Performing ninth out of 10 groups left them with significant time to kill backstage. “We were hanging out with a group from Elizabethtown College playing charades in the hallway,” recalls College sophomore Scott Cesta, Counterparts’ music director. “A cappella people get along really well. We’re all the same kind of people—we love music and we’re lively and outgoing, so we always have a good time.”
The group’s quarterfinals rival, The Deaftones, opened the competition with a set of pop hits that included “Clarity” and “Neon Lights.” As the 12-minute sets continued, so did the parade of radio favorites by the likes of Maroon 5, Paramore, Outkast, Queen, and Taylor Swift, with a number of more obscure songs stuck in as well.
When Counterparts at last took the stage, they sang the same three-song set that had advanced them from quarterfinals. The sold-out theater giggled at parts of “The Lady Is a Tramp” and cheered at the end of the performance. The competition had been running for almost two hours by that point, but few in the audience seemed to mind. To its biggest fans, there is clearly no such thing as too much a cappella.
No one from Counterparts can discuss the genre’s current popularity without invoking Pitch Perfect, the 2012 movie in which Anna Kendrick portrays a grumpy budding DJ who joins her college’s a cappella group and leads them to ICCA glory. (As it happens, the movie was produced by Elizabeth Banks C’96 and Max Handelman C’95, who have admitted they drew inspiration from Penn’s a cappella scene.)
Varsity Vocals said their competition had more entries this year than ever before. “It all has to come back to TV and movies,” Foster says. “ Pitch Perfect basically took Glee and made it more collegiate and a little bit—not 100 percent, obviously—more accurate to the collegiate a cappella scene. I think both of those have a lot to do with the recent popularization.”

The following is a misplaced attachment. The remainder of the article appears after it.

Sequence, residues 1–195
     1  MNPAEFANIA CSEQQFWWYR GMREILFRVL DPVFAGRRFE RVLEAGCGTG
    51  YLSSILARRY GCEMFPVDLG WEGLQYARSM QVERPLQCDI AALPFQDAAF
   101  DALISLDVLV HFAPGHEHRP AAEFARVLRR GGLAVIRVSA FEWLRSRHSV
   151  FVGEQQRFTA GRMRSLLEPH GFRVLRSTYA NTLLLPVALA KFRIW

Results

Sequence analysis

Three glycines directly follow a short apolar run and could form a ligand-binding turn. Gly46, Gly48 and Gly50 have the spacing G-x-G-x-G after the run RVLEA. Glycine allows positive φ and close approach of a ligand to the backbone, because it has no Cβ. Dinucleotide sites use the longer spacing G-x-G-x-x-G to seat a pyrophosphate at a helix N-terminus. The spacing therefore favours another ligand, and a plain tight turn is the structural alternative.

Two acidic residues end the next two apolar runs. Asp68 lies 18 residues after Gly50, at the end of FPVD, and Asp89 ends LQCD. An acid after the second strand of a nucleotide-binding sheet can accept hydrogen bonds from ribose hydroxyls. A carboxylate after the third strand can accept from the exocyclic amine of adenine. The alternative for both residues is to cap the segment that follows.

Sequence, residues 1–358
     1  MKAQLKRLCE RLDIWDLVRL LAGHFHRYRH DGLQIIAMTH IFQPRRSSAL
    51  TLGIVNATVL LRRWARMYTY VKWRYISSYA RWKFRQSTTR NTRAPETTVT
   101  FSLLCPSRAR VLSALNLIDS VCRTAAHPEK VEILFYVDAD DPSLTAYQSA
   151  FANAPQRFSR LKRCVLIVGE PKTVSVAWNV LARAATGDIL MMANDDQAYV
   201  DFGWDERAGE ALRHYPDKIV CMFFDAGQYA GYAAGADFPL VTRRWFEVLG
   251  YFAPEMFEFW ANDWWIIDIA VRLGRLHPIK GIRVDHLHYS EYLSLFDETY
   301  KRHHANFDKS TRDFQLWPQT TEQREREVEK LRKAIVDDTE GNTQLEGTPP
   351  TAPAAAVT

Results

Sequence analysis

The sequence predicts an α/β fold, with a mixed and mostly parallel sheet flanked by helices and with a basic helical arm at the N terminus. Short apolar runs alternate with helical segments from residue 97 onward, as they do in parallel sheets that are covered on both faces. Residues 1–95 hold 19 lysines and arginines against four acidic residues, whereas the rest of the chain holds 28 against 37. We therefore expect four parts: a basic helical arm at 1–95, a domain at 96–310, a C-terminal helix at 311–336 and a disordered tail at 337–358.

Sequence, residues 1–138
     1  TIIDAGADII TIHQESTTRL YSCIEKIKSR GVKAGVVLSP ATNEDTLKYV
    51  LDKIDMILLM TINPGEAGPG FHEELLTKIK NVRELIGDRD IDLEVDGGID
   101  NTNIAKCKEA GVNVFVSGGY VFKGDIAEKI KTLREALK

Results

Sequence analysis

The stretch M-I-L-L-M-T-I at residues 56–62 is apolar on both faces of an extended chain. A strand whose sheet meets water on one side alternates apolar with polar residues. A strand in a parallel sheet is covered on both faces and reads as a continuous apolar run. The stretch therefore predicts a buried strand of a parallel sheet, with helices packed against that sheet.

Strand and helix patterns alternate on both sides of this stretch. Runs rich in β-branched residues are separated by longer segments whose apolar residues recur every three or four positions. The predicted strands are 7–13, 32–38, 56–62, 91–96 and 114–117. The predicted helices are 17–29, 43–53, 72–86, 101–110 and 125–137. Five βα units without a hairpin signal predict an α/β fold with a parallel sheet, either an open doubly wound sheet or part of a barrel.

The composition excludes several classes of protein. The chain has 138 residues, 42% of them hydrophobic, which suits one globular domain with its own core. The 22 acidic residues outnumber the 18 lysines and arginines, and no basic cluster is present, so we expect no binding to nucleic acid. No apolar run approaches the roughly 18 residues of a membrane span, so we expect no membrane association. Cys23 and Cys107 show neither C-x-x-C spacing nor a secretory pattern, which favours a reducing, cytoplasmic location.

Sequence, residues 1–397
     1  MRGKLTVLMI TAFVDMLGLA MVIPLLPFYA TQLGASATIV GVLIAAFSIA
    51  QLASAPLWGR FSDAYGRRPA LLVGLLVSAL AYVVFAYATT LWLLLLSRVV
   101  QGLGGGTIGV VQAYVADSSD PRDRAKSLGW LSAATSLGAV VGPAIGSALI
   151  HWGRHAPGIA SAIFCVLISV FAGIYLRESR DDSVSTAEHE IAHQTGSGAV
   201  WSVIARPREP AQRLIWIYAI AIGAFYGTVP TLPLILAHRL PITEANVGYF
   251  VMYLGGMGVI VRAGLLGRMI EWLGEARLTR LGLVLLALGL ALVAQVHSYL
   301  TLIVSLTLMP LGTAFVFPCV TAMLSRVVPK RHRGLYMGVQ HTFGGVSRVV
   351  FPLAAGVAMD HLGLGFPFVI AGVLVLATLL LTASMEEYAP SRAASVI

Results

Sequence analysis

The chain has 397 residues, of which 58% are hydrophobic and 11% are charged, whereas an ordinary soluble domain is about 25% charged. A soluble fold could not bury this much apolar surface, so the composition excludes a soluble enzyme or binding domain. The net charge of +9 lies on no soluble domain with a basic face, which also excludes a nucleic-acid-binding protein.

“A cappella is awesome because all it takes is six or more people who just want to create music out of nothing,” Cesta says. “It’s very easy to replicate. It’s really good for the artists themselves, and since the people who sing a cappella love a cappella, their friends start to love a cappella, too, and then it just spreads from there.”
“It’s fascinating that you can recreate instrumental noises and sounds with just the voice,” Rao adds. “I think it’s absolutely fantastic that the human body can even do that.”
After successfully mimicking drum sets, basses, pianos, and more at Rutgers that night, Counterparts stood on stage with the other groups, waiting to hear who would advance to the finals.
They didn’t win.
First place went to N’Harmonics from New York University, a group whose alumni have appeared in Glee and on Broadway. Runner-up went to the University of Rochester YellowJackets, who finished in the top half of NBC’s a cappella competition The Sing-Off in 2011.
But members of the Counterparts crew say their fourth-place finish is just fine. They got to sing on a beautiful stage with excellent acoustics in front of 740 people. They took their first group road trip, which was fun in spite of the torrential rain. They met other singers from local schools, and they may perform on those campuses in the future.
No one’s ready to commit to competing next year, but there are indications. “We might as well send in a video,” Claar says. “I think the fact that we got so far our first time means we can only improve.”
But a cappella fans, take note: with a Pitch Perfect sequel due in 2015—Banks is directing this one—tickets to future ICCA showdowns may be even harder to come by.